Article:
Void Where Prohibited

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You know what "the fine print" means, don't you?

It's that ridiculously dense paragraph you find on coupons or contest notices, usually in a font so tiny you need a 40X magnifier to read. Or, in the case of TV or radio, it's those 853 lightning-fast words they rattle off in the last four seconds of a commercial.

Often called a disclaimer, it's the detailed listing of every conceivable circumstance in which whatever you want to do—whether it's to enter a contest, get 82% off your purchase, or obtain multiple items for the price of one—can somehow be disallowed. Adding insult to injury, they're usually written in legalese, a language most of us don't even speak!

The disclaimer I find most puzzling, though, is "void where prohibited." It makes me wonder what possible circumstances would make it illegal for me to, say, win fifty bucks or to finally attain that Holy Grail of fast food: five giant Bubba Burgers for a dollar? How could something so innocuous be so wrong? Is there some vast shadowy organization out there whose sole purpose of existence is to prohibit folks like me from getting a good deal?

Rules and Regulations

There's no doubt about it, my friends; life is all about rules and regulations. Do this; don't do that—it's a full-time job keeping track, isn't it? The irony is, even if you can get all you want—of whatever it is you're after—you may find, like the kid in the candy store, that too much of a good thing really isn't so great after all.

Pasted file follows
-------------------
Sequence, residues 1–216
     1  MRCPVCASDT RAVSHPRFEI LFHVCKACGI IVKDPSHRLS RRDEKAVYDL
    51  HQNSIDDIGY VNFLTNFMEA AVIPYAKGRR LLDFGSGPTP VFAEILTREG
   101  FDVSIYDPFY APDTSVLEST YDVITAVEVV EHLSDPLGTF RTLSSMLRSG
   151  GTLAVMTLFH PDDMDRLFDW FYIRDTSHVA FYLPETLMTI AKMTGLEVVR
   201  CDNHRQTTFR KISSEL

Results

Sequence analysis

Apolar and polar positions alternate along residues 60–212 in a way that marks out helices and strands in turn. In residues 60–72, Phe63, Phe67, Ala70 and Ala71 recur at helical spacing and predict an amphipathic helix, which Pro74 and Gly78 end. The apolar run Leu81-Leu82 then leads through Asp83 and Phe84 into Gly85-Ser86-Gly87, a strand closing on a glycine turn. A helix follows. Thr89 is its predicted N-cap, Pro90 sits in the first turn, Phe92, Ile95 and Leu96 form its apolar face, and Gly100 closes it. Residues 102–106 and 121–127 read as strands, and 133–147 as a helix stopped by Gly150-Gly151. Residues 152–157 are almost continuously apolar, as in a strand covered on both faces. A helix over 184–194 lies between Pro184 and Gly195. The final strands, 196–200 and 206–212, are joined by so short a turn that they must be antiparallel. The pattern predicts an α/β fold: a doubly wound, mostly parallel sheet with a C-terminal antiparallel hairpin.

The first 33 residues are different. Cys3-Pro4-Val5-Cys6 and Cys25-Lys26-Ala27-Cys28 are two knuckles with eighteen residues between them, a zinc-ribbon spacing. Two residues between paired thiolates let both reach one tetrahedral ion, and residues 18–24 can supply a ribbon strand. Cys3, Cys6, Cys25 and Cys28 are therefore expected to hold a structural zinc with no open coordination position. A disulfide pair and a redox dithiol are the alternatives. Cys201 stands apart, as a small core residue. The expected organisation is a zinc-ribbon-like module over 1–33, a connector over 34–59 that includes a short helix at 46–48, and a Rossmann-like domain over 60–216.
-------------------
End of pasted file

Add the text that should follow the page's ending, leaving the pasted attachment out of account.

But what if I could point you toward something that is never void, and never, ever prohibited? That's right; you can have as much as you want! Wouldn't you be interested? If so, then read what the Apostle Paul wrote in the fifth chapter of his letter to the Galatians:

"But the fruit of the Spirit is love, joy, peace, patience, kindness, goodness, faithfulness, gentleness and self-control. Against such things there is no law." (Gal. 5:22-23; emphasis mine)

The Fruit of the Spirit

So what exactly is the fruit of the Spirit?

Perhaps best described as character traits of the Spirit-led Christian, they are positive, desirable qualities God desires to produce in us as we grow in him. Here's what I find most amazing: we don't even have to develop them ourselves; he promises to grow them in us, if we'll just follow him.

It's no accident that Paul uses the metaphor of a fruit tree; it's a beautifully clear picture of how God grows these qualities in us. After all, have you ever seen an orange tree strain mightily to produce an orange? Of course not! It's an inherent characteristic—orange trees, when planted in good soil, just naturally produce oranges.

The fruit of the Spirit comes about in the same manner: Christians who live and grow in Christ just naturally produce fruit. It's the way he made us!

Alas, the truth of this passage painfully smacks me in the face. Do I personally exhibit these characteristics in my daily life? Do the folks I work with know I'm a walking fruit stand? Do I bless folks around me by my words and actions? And even beyond the workplace, what about folks I encounter at the restaurant, at the corner store, or at the garage?

Note, too, how Paul points out "there is no law" against these things. That's good news, because it means here is something for which there is no fine print! You won't have to drag out a magnifying glass, break out your legal dictionary, or even listen closely so you won't miss anything. When it comes to the fruit of the Spirit, you'll never have to wonder if they're "void where prohibited."

It begs the question, though, doesn't it? If all we have to do is let God do it, then what's stopping us?